October 17, 2018

Hand Hygiene Day Isn’t Just For Health Workers

The Word Health Organization (WHO) has declared May 5 Hand Hygiene as a way to encourage health workers to practice good hand hygiene. Health care associated infections affect hundreds of millions of people every year. And research has shown that most of these infections could be prevented by better handwashing practices.  Poor employee hygiene is also considered to be a contributing factor in food poisoning outbreaks associated with restaurants.

Washing handsIn health care settings, the most common infections include urinary tract infections, surgical site infections, pneumonia and infections of the bloodstream. Seven out of every 100 people hospitalized in developed countries and 10 out of every 100 patients hospitalized in developing nations acquire health care-associated infections, according to WHO.  “Among critically ill and vulnerable patients in intensive care units, that figure rises to around 30 per 100.”

More than 9 million health workers in 168 countries are part of WHO’s  “SAVE LIVES: Clean Your Hands” campaign.  The five key moments health care workers should clean their hands are: before touching a patient; before clean and aseptic procedures such as inserting catheters; after contact with body fluids; after touching a patient; and after touching patient surroundings.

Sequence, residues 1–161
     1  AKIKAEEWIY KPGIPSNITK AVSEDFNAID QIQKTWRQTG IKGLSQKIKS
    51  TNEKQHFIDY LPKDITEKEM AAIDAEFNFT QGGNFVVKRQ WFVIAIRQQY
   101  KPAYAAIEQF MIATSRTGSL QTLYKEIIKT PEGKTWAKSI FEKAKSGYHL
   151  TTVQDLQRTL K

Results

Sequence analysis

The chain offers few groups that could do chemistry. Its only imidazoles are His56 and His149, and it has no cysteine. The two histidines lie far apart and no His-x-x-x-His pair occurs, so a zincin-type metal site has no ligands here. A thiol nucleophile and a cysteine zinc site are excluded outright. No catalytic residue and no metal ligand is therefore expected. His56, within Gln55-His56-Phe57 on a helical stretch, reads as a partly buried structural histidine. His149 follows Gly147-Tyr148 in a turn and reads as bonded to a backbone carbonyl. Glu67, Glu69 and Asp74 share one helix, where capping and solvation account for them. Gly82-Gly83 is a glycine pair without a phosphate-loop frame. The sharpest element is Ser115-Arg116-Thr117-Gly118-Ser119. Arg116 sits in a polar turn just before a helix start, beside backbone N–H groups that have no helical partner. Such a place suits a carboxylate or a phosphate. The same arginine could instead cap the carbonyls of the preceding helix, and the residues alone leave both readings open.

In food service settings, employees should always remember to wash their hands before preparing or serving food and after using the restroom, clearing dirty dishes, eating, drinking, using tobacco, coughing, sneezing, using tissue, touching the body (such as scratching your nose), handling dirty equipment and touching raw meat. For more information on safe food handling from the Centers for Disease Control and prevention (CDC), click here.

 

Report Your Food Poisoning Case
[contact-form-7 404 "Not Found"]
×
×

Home About Site Map Contact Us Sponsored by Pritzker Hageman, P.A., a Minneapolis, MN law firm that helps food poisoning victims nationally.